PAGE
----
Together Todd & I savor each good moment and hang onto HOPEISM through the not so good ones.

We dream, dare, & do. 

We do not quit, we overcome.   

We run toward the Roar!   


January 4, 2016

What Brandon taught me about Birthday's...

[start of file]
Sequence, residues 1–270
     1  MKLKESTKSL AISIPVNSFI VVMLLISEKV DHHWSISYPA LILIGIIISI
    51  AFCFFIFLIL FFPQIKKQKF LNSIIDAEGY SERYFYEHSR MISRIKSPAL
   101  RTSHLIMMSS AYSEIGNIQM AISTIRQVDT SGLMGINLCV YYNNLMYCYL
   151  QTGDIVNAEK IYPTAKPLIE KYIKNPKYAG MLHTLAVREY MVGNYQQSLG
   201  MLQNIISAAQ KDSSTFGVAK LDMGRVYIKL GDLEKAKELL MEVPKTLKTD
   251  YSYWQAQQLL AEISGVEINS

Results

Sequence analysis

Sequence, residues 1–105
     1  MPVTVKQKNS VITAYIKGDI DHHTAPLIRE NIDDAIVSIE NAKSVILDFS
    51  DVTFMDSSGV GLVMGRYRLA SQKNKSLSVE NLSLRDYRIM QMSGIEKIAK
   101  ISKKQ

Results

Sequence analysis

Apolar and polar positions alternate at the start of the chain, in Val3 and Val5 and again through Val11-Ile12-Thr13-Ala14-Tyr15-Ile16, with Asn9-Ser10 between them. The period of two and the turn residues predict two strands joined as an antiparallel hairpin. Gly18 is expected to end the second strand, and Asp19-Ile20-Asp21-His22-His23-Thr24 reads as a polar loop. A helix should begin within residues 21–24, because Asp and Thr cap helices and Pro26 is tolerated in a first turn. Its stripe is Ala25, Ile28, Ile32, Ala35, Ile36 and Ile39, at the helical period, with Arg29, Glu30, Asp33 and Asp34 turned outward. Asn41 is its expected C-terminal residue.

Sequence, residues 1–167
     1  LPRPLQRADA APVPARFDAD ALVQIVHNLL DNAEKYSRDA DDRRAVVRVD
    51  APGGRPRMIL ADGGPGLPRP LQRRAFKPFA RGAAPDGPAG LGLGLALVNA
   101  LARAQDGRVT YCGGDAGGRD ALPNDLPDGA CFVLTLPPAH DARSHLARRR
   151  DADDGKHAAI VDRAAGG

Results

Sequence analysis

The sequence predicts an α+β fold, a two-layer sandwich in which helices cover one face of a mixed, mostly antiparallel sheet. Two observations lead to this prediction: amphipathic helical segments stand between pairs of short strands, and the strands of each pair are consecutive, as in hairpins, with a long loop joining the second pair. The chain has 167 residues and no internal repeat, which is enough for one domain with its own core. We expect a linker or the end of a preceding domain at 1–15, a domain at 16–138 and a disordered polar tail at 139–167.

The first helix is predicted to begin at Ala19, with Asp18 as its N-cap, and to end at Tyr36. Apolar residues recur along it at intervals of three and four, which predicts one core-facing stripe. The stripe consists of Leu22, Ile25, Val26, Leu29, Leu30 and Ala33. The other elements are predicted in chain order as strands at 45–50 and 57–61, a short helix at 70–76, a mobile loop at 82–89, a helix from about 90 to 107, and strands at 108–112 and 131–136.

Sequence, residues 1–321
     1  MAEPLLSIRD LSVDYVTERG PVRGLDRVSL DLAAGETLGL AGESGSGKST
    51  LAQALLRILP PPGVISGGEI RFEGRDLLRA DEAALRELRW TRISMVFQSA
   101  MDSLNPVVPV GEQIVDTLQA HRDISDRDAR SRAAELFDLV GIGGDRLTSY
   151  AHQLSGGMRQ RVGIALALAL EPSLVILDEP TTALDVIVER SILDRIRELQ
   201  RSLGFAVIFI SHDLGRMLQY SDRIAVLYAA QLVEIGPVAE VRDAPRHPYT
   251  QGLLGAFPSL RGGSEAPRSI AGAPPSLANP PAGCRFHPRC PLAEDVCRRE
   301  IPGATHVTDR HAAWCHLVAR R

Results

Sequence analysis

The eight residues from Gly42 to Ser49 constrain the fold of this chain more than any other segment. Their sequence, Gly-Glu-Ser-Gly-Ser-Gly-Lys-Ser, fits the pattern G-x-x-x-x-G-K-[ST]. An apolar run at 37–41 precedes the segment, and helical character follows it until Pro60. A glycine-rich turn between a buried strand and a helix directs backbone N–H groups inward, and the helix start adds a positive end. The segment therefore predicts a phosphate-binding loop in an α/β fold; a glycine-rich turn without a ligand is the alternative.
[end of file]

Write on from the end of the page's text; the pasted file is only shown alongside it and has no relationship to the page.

Happy Birthday Brandon! I wanted to take him out to dinner for his Birthday today..... Instead we went out yesterday on my birthday. It was such a beautiful day and he was doing good - so in our "Life with Autism, Seizures, and a side of Trauma" we've learned to not plan ahead, but to instead go for it in the right here and right now. So we did. We took advantage of a good day and he was my Birthday date yesterday instead of me being his Birthday date today! I think I got the better deal! Team Guppy has learned the hard way to take advantage of what the moment allows, because if we wait for another moment to do it, seizures will prevent it. I'm glad we went out on our adventure to the Nature Trails then dinner yesterday - because early this morning - on his 22nd Birthday - he had a seizure. Perhaps it was early enough in the morning that maybe he'll be up for going out later - but even if not, I'm so glad we went yesterday. I am so glad we took advantage of the moments we were given instead of waiting for the moments to come. I think that lesson is perhaps one of the greatest Brandon's life has taught me. To live in the moment. It is only this moment, right here, right now, that we have to do what we must do. To witness to who needs to hear about Jesus. To live to the fullest. This moment to make a difference. This moment to speak truth. This moment to not waste worrying what others think. This moment to choose who and what our priorities will be. This moment to not squander on any thing or any one not a priority. That one is a hard one for me. I squander too many moments on those who don't have even a moment to be a part of our lives. I give too many thoughts to people who do not ever give us a thought. And speaking of thoughts.... I've thought a lot these last few years about "Birthday's" and what I've felt the true "gift" in them should be. For me it's not people giving Birthday gifts to that person, it's that person giving a Birthday gift to God. The former creates a "me-centered" existence and I've seen enough how that plays out in most teenagers and then in most adults. "Gifts to me, it's my birthday, give me..." To me that creates a lifetime of thinking the world owes you something. It is in that where I find such thankfulness in Brandon's life with autism. We were never a part of the "bigger and better" Birthday parties. Gifts and gift bags and whose party was more lavish and how do we top last years lavish. We lived simply. No way in our chaos we could ever compete with anyone else, so we never even tried. My thinking has shifted to that yes, it's your Birthday. You are loved. You are a blessing. Now what gift are you giving God for another year of life? His Birthday gift to you was life, what gift to him will you give back each year in return? Even children can be taught to understand that concept. What will you promise to do better as you blow out those candles on the cake? How will you be a better person this year? Who will you help more this year? Who will you befriend who has no friends? What gift to someone who truly needs your Birthday gift of money, help, things, encouragement will you give this year? I thought about that a lot yesterday... and I think for me it's that squandering thing. I waste so much time pursuing things or people who really don't matter. Not that they aren't loved or really don't matter, but for these precious moments I have so few of, I need to let God go after the one and me worry about the 99 right here in front of me. I worry too much what others think and let their lies and confusion muddle my world. Less of me and more of you God. Less of them and more of your word.